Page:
The building consists of an elegant modernist three-part composition, incorporating a rectangular donut around an atrium, a bar of offices and labs, and the large wedge-shaped volume of the building’s main lecture theatre in the southeast area of the plan. These three elements are linked by a three-storey circulation atrium running north-south the entire length of the building. Volumetrically the composition is divided between a recessed, largely glazed single-storey base and a faceted, highly articulated two-storey volume above. Given the campus master plan’s intention to increase density and enhance definition of public open spaces, the architects approached the design as an urban infill building, establishing continuity with surrounding buildings in materials, scale, volume and circulation routes. The material palette of the building exterior combines pre-cast concrete, copper sheathing and large areas of glazing, with an interior of exposed structural concrete, drywall, maple millwork and extensive use of glass partitions separating offices and labs from circulation areas.
The building combines undergraduate lecture halls and computer labs, primarily on the ground and sub-grade levels, with graduate and faculty offices on the upper two floors. A high-end immersive visualisation space is incorporated at the north end of the building on the top floor. The plan is developed along similar lines to a late Team X approach, where the three major elements of the building read internally as discrete volumes. The broad circulation areas between these volumes run both east-west and north-south, operating as streets under a unifying roof, intended as part of the larger pedestrian circulation system of the campus.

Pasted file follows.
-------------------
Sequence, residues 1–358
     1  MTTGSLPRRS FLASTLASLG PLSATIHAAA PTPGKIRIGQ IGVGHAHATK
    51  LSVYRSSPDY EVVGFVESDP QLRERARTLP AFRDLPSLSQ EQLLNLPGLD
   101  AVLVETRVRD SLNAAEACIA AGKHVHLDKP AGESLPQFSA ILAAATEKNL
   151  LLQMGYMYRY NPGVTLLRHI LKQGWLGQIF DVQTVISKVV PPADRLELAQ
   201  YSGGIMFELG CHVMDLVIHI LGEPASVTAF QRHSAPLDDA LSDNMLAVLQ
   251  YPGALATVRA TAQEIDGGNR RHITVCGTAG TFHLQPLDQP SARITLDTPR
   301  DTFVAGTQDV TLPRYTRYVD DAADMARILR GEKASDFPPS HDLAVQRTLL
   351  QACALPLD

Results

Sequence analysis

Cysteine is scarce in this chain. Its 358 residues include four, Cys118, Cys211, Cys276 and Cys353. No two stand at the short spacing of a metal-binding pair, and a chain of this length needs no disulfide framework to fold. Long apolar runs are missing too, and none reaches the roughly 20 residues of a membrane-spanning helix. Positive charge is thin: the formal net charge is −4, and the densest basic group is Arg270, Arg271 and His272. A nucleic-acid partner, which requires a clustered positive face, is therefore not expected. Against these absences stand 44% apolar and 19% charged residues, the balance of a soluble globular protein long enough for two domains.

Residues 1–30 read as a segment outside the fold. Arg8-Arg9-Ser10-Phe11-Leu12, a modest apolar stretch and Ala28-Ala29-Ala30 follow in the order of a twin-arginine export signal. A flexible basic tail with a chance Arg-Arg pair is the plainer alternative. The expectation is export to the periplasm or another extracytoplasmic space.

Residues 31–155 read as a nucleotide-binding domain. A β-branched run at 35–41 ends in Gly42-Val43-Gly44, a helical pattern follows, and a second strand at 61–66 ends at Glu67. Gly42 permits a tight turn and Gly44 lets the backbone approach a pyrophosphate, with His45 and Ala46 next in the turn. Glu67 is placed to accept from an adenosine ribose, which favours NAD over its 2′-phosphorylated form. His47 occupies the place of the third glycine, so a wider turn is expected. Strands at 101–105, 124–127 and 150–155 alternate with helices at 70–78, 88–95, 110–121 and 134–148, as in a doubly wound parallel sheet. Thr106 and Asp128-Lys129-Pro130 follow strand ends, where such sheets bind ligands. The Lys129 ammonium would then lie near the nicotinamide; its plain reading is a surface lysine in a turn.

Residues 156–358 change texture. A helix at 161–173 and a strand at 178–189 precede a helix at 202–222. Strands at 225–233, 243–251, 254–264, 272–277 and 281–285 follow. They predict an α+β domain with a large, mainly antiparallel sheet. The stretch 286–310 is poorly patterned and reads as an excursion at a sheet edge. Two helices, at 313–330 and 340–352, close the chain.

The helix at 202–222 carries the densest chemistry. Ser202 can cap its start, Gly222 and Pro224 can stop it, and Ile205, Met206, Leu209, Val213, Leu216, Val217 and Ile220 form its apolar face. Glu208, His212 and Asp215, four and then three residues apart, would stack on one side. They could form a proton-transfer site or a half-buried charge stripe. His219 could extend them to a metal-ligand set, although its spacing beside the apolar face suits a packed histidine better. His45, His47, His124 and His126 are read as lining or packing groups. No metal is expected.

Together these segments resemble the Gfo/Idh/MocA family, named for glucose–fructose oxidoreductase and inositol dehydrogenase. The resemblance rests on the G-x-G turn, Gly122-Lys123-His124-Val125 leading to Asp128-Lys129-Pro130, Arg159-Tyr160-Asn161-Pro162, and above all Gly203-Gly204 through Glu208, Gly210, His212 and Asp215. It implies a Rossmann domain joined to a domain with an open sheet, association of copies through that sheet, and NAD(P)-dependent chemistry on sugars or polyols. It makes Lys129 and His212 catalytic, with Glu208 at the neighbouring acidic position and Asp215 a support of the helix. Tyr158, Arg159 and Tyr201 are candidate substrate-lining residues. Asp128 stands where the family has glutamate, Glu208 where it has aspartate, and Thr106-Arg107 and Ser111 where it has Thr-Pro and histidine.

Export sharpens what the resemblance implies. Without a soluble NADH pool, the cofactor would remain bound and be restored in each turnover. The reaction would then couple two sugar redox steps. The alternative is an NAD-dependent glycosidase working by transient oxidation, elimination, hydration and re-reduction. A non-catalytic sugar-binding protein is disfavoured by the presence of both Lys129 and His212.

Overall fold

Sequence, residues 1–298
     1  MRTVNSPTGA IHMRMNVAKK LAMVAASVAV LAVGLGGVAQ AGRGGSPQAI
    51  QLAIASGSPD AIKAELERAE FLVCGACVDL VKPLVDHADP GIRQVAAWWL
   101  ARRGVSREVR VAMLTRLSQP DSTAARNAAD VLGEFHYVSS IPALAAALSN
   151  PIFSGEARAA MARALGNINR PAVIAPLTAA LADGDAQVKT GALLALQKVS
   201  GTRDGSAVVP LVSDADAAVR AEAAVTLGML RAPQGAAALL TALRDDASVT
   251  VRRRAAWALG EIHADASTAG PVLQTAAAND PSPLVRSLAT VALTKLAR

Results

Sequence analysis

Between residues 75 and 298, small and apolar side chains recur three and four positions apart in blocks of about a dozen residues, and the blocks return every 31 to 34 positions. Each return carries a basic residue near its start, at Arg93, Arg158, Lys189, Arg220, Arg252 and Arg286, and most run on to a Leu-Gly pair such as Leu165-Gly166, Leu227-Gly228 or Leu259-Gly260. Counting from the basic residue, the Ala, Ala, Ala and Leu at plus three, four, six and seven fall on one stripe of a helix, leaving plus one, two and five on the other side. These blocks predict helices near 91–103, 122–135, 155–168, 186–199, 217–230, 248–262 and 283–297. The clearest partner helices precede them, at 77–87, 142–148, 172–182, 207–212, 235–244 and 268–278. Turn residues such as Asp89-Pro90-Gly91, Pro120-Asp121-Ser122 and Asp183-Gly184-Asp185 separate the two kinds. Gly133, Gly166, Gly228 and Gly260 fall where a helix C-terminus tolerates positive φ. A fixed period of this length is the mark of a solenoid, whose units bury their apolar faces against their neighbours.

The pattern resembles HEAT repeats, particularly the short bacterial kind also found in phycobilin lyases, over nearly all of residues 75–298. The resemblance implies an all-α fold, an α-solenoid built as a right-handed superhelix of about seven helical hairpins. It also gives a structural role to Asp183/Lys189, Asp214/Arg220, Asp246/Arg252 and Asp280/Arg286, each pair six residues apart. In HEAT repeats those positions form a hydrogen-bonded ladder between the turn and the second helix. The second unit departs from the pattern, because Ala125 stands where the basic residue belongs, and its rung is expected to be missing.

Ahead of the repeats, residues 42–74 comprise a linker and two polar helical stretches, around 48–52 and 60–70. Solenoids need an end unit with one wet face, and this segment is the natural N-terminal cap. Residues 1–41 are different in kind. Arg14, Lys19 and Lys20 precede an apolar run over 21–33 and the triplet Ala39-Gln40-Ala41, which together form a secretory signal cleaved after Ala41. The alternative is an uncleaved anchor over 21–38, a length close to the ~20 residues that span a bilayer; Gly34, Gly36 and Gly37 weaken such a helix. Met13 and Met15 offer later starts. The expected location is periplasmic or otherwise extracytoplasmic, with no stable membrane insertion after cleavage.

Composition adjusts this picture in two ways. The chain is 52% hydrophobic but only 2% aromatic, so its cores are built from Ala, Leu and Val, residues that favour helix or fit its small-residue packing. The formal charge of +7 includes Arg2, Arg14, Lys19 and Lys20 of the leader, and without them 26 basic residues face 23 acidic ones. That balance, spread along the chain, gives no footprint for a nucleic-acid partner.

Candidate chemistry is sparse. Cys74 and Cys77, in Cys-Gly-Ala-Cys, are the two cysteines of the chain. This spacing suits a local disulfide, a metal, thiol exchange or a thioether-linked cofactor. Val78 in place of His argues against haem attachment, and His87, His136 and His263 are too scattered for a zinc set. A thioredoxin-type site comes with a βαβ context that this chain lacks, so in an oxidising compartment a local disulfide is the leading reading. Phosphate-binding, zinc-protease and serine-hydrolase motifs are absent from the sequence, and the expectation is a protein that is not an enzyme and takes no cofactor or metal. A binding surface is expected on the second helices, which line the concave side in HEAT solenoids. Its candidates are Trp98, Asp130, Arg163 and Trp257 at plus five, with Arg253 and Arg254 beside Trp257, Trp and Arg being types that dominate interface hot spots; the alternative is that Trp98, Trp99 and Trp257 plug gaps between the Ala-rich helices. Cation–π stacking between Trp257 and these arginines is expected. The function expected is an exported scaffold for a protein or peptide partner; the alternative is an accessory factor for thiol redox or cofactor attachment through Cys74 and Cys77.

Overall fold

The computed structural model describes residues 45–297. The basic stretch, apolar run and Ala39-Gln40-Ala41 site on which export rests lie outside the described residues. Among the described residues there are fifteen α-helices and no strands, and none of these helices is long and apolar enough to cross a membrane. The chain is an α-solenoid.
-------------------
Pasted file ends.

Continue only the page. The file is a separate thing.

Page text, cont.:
Nestled under the tilted plane of the lecture theatre seating is an expansive entry lobby, which will incorporate a caf. Responding to the master plan intention that buildings along the Campus Walkway engage the area, the main entrance faade is almost entirely glazed, benefiting from full southern exposure, with an exterior glass canopy and seating. Fully visible from the concourse, the caf will be a key gathering and meeting area directly across from Curtis Hall, a large complex designed by John Andrews housing numerous undergraduate lecture spaces.
The lobby provides stair access to additional basement level classrooms,
labs, and storage areas. The north-south circulation atrium together with a “tree atrium” within the donut provide an important communal amenity in the building while also operating as the primary air movement devices, creating stack effect ventilation. Warm air within the building rises through the atria to be exhausted through thermal chimneys creating negative pressure in the adjoining spaces, which in turn causes air to be drawn in through windows and from the north side of the building via a large subterranean air plenum. The plenum exploits the 17C ambient ground temperature, providing pre-cooling of air in summer and pre-warming in winter.